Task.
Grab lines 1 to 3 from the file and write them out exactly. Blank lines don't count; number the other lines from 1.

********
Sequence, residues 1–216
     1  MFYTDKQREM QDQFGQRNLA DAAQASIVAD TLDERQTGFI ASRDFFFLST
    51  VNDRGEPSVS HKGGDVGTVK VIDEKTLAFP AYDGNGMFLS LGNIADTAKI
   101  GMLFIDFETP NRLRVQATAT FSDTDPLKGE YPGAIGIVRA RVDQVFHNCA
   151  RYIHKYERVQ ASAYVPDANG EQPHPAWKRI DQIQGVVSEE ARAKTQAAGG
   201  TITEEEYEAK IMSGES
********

Sequence, residues 1–216
     1  MFYTDKQREM QDQFGQRNLA DAAQASIVAD TLDERQTGFI ASRDFFFLST
    51  VNDRGEPSVS HKGGDVGTVK VIDEKTLAFP AYDGNGMFLS LGNIADTAKI